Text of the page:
a pose that the girls have a hard time
hiding then- hypocrisy from one another,
and do not succeed In convincing anyone
else. And In the end each Is made happy
with a masculine protector. But the
stretch la filled with comedy that is pecu
liarly Fltchlan. it has been seen here be
fore, and therefore does not come with the
startling attraction of novelty.
The company presenting it at the Bur
wood Is made up of some very capable
people, and the humor of the play la richly
set forth. In one or to points the true
action of the piece la submerged for the
purpose of making somebody laugh, and a
farcical rathed than a comedy reeult la at
tained. Miss But i ell is doing much with
Pamela Gordon, the head of the man-hating
triumvirate, who succumbs ony after a
most bitter struggle: she is convincing most
of the time, and always enjoyable. Miss
Bates Is an Ingenue of capacity and fairly
romps along as VI Lansdowne, the younger
of the three, whiie Miss Strickland fills
out the list with a completely charming
Kate West. Almost any manager would
give a girl like her a chance to show what
she could do. Miss Allen makes Lucille
Purcelle decidedly low comedy, but it Is
effective from the amusement point of
view. Mr. Claire Is a sufficiently Impudent
young lawyer to win his way with the audi
ence, and the others are all very well
placed. The play Is staged according as
Its author wanted It, and that also means
that much attention has been paid to de
tail'. The Sunday night audience at the Bur
wood was greatly pli-astd with the piece
and Its performance.
Vaudeville at the Orpheom.
Charles F. Semon, a musical comedian
both musical and comic, scored the biggest
success of the current bill at the Orphcum.
The headline act iB Tom Nawn's "Pat and
the Genii," which though not new here
was as warmly received as before. Nawn
Is a piotrayer of a stage Irishman at
whom the Ancient Order of lliberniuns will
never pass resolutions. Mis. Nawn and
Charlotte Appelle appear with hi in, both
The sketch "Trimmed," an episode in a
New York manicure shop. Is a bright little
effort full of clever lines well delivered by
Madge Phfrce, Bruce Brayton, William
McKey and Albert Peters.
The bill opens with a magician's act by
Martini and Maximilian, who Introduce
more fun than ordinary In an act of the
kind. At least one of them did. The other
was delayed a day In arriving. Arthup
Whltelaw appears In Irish song and gtoriea
Hnd ten colored entertainers giving a dan
o in k and singing act close the bill. They
met with considerable favor and rounded
oil a bill which will generally please.
Checkers" at the- Krng.
"Checkers" has returned to Omaha and
for a week's stay. He opened Sunday even
ing at the Krug to an "S. R. O." housa
that followed him through four bright and
snappy acts with an ear foe every syllable
and an eye for every pretty 'face, and ho
has brought several with him. Florenco
Heston, as Pert Barlow, daughter of the
rich banker of Clarksvllle, Ark., won a
great many more hearts than that of
"Checkers." Her part la not one calling
for any great emotional demonstration, but,
It necessitates beauty, sweetness and an
Ingenuous manner, and In these Miss Hes
ton is not lacking.
James Gleason as "Checkers," carried a
rather difficult part with credit to him
self and to the play. To portray a character
at onco fine and sensitive, yet' marked
and counter marked by years of race track
touting and sporting with all that that
Implies Is no easy task, yet by simple
straightforward natural presentation Mr.
Gleason held the audience to Its seats even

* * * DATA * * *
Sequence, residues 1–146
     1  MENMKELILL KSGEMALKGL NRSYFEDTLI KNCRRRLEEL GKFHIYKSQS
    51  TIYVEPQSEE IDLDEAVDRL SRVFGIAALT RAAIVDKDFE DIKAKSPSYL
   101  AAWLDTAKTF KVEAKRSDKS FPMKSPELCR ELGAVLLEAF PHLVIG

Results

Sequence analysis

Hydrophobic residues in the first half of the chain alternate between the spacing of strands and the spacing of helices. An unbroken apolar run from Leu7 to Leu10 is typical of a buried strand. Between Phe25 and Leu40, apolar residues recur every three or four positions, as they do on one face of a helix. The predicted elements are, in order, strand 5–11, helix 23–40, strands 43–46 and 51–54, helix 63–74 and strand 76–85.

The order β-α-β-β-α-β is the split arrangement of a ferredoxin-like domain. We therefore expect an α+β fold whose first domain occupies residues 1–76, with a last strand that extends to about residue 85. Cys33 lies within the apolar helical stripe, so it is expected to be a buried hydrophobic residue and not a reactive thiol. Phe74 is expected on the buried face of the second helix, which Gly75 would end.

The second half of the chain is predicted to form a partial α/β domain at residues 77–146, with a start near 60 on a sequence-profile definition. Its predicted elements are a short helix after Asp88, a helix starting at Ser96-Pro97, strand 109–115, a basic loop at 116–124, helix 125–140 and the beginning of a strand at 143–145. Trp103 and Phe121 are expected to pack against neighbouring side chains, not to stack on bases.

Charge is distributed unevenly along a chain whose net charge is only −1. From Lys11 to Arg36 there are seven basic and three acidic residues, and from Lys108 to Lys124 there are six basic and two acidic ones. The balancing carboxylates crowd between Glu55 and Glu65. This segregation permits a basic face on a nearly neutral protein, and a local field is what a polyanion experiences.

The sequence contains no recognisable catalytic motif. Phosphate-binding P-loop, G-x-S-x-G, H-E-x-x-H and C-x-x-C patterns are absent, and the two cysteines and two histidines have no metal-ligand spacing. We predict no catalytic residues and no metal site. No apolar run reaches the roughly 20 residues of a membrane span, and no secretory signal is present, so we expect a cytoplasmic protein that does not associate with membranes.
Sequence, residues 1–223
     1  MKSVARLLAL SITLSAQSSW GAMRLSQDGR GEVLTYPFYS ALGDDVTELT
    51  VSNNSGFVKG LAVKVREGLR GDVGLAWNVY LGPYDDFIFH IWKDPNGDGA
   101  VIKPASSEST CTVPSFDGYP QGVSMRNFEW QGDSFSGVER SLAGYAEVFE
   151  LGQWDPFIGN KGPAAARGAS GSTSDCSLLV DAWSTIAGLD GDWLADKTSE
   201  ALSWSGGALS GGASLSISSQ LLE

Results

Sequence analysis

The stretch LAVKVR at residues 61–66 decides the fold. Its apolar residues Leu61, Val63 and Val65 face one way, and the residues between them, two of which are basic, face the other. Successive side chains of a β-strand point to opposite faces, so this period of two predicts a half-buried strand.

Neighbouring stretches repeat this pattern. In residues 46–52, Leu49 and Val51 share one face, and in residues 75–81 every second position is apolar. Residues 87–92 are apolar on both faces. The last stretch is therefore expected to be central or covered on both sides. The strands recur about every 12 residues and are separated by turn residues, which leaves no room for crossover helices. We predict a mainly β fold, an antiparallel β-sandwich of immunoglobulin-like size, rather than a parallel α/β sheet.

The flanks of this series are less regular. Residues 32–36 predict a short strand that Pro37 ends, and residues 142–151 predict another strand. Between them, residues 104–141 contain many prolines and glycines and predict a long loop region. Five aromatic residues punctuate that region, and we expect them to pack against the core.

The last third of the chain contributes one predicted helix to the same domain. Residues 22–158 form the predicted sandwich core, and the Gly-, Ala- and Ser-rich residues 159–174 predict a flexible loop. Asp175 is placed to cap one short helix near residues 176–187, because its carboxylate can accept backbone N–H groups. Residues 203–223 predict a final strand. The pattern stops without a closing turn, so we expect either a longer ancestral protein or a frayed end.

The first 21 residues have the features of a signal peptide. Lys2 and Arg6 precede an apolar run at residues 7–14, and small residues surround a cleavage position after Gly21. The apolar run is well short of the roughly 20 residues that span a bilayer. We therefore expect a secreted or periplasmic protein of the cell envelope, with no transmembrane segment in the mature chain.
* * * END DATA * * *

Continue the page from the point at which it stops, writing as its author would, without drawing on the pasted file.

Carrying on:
after the curtain rang down on the last
"Checkers" Is a story of money and
gamblers, a dark picture of a shadowed
sltje of life. In which a few strong and
really noble characters are made to lighten
the effect. It Is a simple story of simple
people, and rather a relief from the hurri
cane of alleged sociological extravaganzas
of Impossible ball rooms and ,111-flttlng
dress suits that bas swept the stage ot
V) f Jew
jt v., i Yv
Nearly 100 Years Old
The Great Western Vineyard at Rhelma, N. Y are
close to the century mark the oldest la America, The
soil cultivation has developed a healthy, sturdy vine that
produces an Ideal wine grape. It Is the same quality
delicately flavored grape that French maker use.
THE AMERICAN CHAMPAGNE
Great Western Champagne cost only half a ranch
as the imported, because of absence of duty. Wine la
taxed 50. When you buy Imported wins yon pay
double the price to cover thi duty, ,
Great Weatern Is the onl v real American Cbarapaame.
At Pari Expoaitton In 1900 It was awarded the Gold
Medal the onl American wine to receive that honor.
Connoisseurs declared it equal to the moat (elect French
brand and much auperitr to all other American wloea.
Abandon your prejudice ask ior Great Weatern.
Pleasant Valley Wine Co.. Sole Maker, Rhelma, N.Y.
Oldest Okaapaaoe Hooee la America.
Bold by Oroeere eaf Pealare in Unt Winn, and $tmi tn
UuUU, AaeMaraaas ea4 Csu-
Colonist excursion every day,
September it to October ic. Rail.
road fare only ac from Omaha.
For 5 75 additional you get double
berth in Santa Fa tourist deeper
(built by Pullman); roomy, modern
Stop-over allowed for Grand Canyon
and Salt River Valley, in Arlxona: also
at most point in Caliiornia, including the jfre ' Jqu' valley.
Santa Fe tourirt deeper ervic to San Francisco U quicker than any other line. To
Lo Angele. no other line i later. Per.onally-conducted excursion tri weekly.
MtAlkorMutmedVbok.lolder: "To Caliiornia In a Tourist Sleeper and "San Joaquin
Valley." Sam'l Larimer, Pas. Agent, A. T. ft S. F. By.,
4ee Sixth Avenue, Det Moines, low.
FISTULA Pay vhen CURED
nu iiecuu jjiseases cared without argical
operation. No Chloroform. Ether or other ten-
oral mneasthatic ued. CURE GUARANTEED
toiastaLIrS-TIME. 8LJ-bxaminatioh ragg.
WRITS FOR BOOK ON PILES AND RECTAL DISEASES WITH TESTIMONIALS
DM. R. TAUNT. 22 Baa Bulletin:, Oaaaha. Mehe-aaha